|Brave New Brain: Conquering Mental Illness in the Era of the Genome|
|by Nancy C. Andreasen|
Posted: March 15, 2002
Andreasen, chair of the Department of Psychiatry at The University of Iowa College of Medicine, introduces readers to genomic and brain-imaging technologies and describes their potential for changing the lives of people with mental illness, some of whom she profiles in the book. The title is derived from a line in Shakespeare's The Tempest ("Oh brave new world, that hath such people in it") and is meant to convey the sense of enthusiasm and optimism she perceives among clinicians and scientists in the field of mental illness.
"The terrain of the brain is being mapped in parallel with the mapping of the genome," she writes. "The convergence of these two domains of knowledge is one of the most exciting things that is happening in medicine and mental health at the moment. Their convergence has already changed how we think about both the causes and treatments of mental illness."
The book consists of four parts on different themes: how the brain works, the history of the genome, modern neuroimaging techniques, and narratives of the mentally ill. In each part, Andreasen discusses four major groups of mental illnessschizophrenia, mood disorders, anxiety disorders, and dementia.
The first part provides statistics showing that mental illnesses are both common and costly to the world economy. Andreasen personalizes these statistics by giving an account of one family's experience with depression, including their difficulties in obtaining a diagnosis and dealing with health insurance companies.
Like many of her colleagues during the past decade or more, Andreasen calls for a synthesis of approaches in describing and investigating mental illness. Two decades ago, the author, who is Editor-in-Chief of The American Journal of Psychiatry, wrote a book called The Broken Brain: The Biological Revolution in Psychiatry. It describes a shift in thinking away from viewing mental illness in 'a psychodynamic model' and toward the view that these diseases have a biological basis, just like cancer, heart disease or diabetes.
Representing the perspectives of many in the field, Andreasen argues in the new book that mental illnesses are fundamentally complexthey involve many biological and environmental risk factors and the best treatment is likely to vary from person to person. It is time, she suggests, to stop the unproductive debates over whether depression is a matter of either genes or environment and whether the best treatment is either drugs or psychotherapy.
The evidence for the complexity of mental illnesses is laid out in the second part of the book. Three chapters provide mini-tutorials on neuroscience and molecular genetics, as Andreasen covers key concepts in genomics and neuroimaging. In the introduction, she warns that readers may find these sections hard going and even suggests that some may want to skip ahead and return to these chapters later on. But, she adds, no one should feel guilty about failing to absorb the difficult material: "After all, those of us in science have spent a lifetime trying to understand the complexity of the mind and the genome."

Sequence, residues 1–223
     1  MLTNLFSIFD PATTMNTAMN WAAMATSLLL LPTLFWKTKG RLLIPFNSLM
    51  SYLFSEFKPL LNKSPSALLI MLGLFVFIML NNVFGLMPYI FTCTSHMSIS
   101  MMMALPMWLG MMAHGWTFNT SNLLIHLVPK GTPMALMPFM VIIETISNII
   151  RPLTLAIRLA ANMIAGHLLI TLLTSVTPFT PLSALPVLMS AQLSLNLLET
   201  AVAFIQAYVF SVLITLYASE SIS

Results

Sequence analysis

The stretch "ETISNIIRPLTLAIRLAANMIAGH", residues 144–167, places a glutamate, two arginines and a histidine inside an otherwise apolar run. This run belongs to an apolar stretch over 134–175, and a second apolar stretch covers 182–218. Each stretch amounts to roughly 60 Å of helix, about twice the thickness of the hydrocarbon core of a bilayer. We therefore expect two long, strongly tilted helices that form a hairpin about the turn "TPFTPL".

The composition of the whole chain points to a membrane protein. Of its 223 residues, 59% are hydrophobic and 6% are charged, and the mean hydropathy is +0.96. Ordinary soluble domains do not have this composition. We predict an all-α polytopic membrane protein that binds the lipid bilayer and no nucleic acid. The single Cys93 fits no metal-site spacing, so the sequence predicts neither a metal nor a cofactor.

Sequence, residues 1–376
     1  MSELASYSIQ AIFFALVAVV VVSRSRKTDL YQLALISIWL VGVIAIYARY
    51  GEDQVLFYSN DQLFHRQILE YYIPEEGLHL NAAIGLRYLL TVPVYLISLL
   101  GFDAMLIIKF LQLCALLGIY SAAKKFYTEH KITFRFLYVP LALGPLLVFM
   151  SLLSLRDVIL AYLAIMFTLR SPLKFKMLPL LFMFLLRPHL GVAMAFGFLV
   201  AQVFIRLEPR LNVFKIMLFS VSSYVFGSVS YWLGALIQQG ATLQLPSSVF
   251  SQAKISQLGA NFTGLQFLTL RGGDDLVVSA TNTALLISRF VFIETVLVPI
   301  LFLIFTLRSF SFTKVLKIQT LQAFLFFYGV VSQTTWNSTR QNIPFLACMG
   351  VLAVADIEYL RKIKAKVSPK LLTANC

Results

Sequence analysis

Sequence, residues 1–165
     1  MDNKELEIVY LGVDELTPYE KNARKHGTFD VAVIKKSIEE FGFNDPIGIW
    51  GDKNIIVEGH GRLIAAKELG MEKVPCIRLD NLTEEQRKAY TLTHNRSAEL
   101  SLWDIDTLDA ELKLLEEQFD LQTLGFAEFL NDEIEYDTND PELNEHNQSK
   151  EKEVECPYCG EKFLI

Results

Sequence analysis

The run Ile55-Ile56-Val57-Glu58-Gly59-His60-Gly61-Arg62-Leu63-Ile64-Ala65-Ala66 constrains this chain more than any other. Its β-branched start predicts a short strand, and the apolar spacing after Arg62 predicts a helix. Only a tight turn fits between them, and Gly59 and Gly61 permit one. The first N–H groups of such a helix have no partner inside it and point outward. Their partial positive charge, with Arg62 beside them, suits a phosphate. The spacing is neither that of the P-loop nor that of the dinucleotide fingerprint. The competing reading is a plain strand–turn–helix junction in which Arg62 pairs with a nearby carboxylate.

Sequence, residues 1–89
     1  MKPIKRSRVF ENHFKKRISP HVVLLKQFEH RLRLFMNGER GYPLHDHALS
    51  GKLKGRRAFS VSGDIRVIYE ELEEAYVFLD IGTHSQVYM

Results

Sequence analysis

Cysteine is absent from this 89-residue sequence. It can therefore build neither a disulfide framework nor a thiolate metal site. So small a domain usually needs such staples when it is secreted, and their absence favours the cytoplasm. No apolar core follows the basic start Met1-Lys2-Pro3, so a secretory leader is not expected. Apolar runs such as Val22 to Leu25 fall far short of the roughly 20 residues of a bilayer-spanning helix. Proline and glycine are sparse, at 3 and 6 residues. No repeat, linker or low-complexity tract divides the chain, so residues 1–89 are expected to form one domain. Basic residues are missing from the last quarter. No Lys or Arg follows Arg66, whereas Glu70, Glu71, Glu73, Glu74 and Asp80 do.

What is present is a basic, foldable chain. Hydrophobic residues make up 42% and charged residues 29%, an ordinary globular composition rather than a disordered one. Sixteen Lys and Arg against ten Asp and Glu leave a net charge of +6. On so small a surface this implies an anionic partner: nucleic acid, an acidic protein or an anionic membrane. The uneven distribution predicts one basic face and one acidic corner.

Though challenging, these chapters are a useful reference for understanding mental illness and the brain in terms of recent advances in genomics and imaging technologies. Andreasen covers a great deal of ground through a series of short sections on topics like 'how the brain teaches itself to learn', 'disease genes', and 'tools to see the living brain.' She tackles issues large and small, from describing the use of brain imaging tools to study thoughts and emotions to answering the question: Why is gray matter called 'gray' matter? (Because postmortem brain tissue appears to be relatively dark.)
The neuroimaging chapter called "Mapping the Mind" ends with the question: Are neuroimaging tools improving the lives of individual patients and their families? The answer is no, not yetthe technologies are primarily research tools. "Magnetic resonance and functional imaging scans cannot be used to make a diagnosis, and we have no definitive laboratory markers or genetic tests, even for Alzheimer's disease," Andreasen writes.
The chapter on brain anatomy may read like a textbook, but the narratives Andreasen uses to describe personal histories of the mentally ill belong to the genre of romance novels. Stories about the ideal wife fallen to dementia or the golden child who wakes up to a schizophrenic world reveal Andreasen pulling desperately at the reader's heartstrings to generate compassion for her subjects. One does not have to imagine a stricken 'perfect son' or 'loving spouse' in order to sympathize with those who live with mental illness.
In the book's final chapter, the author writes that mapping the human genome and the human brain will give scientists the "power to understand the mechanisms that cause major mental illness and use this knowledge to relieve the pain of the millions of people who at present suffer from them." She continues: "The time when we can realistically declare a war on mental illnesses, with some hope of eventually achieving a victory, has finally come."
Andreasen cautions that the war will not be won quickly or easily. She is undoubtedly aware of other optimistic pronouncements in the history of modern medicinethe war on cancer, for example, was first declared in the U.S. in the early 1970s. No matter how enthusiastic researchers are about new biomedical technologies for understanding and treating human disease, the lesson of history is that a little caution is warranted.
Merete Rietveld is a freelance writer who lives in Palo Alto, California.